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The coastal dunes with Juniperus spp. priority habitat in Greece are facing various natural and anthropogenic threats summarized in decreasing order of importance below:
    Threat 1 Restricted natural regeneration
    Studies have shown that natural regeneration of Juniperus oxycedrus ssp. macrocarpa and other taxa in this genus is restricted due to several factors. These factors include slow growth, low seed viability and/or difficulty in germinating as well as the imbalance in the female/male ratio of the stands. Therefore, this project aims to deal with these problems for all the sites in Crete through a range of measures such as in situ and ex situ conservation actions (C.3, C.4 and C.8) which will be based on an investigation of the Juniper population composition and structure (action A.3).
    Threat 2 Tourism
    All coastal dune Juniperus spp. habitats in Greece are greatly affected by the tourism impacts, Crete is no exception. Visitors amongst other things, cause habitat degradation through, trampling and camping, pose a fire risk, and litter. The damage to the habitat and in particular to the Juniperus species is evident as visitors, due to lack of awareness, often consider parts of the trees dead, thus, cutting wood for fires or unintentionally damaging the root systems. Therefore, this project aims to deal with these problems through a range of concrete conservation actions (C.1, C.2, C6 and C.7) which incorporate raising awareness and limiting visitor spatial distribution away from the habitats. Infrastructure will also be provided to limit visitor impacts, for example pollution from littering, through the provision of rubbish bins (action C.6) etc. All these actions will be based on the result of the visitor impact assessment which will be undertaken on all Cretan sites (action A.5). In Cretan sites, visitors range from mass tourism day trippers (eg Chrysi, GR4320003) to individual visitors who usually undertake free camping (eg Elafonisi, GR4340015) rendering the visitor management actions applicable to all habitat sites in Greece.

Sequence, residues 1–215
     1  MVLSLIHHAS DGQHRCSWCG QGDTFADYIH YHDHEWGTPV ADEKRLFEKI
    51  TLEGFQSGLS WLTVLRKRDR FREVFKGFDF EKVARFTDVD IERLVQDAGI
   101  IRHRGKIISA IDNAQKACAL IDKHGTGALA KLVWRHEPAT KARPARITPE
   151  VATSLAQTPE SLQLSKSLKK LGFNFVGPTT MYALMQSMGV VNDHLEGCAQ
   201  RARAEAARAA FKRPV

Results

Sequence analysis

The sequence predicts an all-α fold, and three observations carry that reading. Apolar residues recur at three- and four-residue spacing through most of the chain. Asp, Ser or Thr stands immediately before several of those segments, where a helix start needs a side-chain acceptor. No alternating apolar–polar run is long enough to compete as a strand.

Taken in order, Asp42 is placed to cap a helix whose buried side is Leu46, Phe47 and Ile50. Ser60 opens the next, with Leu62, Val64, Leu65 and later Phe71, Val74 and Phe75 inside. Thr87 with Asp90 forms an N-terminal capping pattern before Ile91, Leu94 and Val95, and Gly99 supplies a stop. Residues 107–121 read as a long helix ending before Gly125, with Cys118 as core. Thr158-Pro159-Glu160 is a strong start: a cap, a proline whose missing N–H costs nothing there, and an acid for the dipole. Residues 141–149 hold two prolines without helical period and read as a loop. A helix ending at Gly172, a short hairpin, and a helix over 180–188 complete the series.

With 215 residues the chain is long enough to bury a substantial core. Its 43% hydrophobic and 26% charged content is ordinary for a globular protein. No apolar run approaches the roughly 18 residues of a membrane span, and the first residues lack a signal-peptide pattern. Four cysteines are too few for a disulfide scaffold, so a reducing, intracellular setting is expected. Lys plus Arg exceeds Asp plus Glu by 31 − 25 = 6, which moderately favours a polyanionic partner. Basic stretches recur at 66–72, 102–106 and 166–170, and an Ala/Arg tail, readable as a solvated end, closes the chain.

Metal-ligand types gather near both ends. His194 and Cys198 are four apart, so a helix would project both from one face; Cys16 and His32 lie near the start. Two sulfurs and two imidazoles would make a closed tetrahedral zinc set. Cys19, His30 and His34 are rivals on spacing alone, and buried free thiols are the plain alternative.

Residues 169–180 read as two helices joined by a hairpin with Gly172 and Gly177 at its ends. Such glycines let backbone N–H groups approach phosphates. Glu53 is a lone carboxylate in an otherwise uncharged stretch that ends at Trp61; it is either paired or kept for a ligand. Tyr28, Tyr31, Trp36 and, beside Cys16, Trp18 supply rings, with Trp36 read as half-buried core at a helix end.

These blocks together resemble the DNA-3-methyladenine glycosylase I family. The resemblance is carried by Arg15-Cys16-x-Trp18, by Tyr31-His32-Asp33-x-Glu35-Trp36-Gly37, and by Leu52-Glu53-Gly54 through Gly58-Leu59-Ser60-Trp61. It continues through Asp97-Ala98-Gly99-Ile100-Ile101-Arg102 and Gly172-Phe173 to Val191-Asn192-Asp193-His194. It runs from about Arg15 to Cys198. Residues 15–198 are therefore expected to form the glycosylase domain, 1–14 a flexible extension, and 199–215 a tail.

Threat 3 Lack of public awareness
    Coastal dune with Juniperus spp. habitats in Crete are highly valued for their beauty and recreation potential. Their users however, lack awareness of the habitats conservation value as well as the negative impact their actions may be causing on the habitat itself. Lack of awareness is resulting in unsustainable activities such as camping, fires, woodcutting, trampling and general habitat damage. Lack of awareness exists also amongst stakeholders responsible for the management and activities taking place at the sites, for example tourism operators and local authority officials. This is underpinned by the lack of documented and communicated information on appropriate conservation and management techniques for this priority habitat. Therefore, this project aims to deal with this threat through a range of awareness raising activities, built within a multi-stakeholder communication strategy (See Section D) and active stakeholder consultation and engagement from the onset of the project (actions A.6, C2, C.6 and C.7).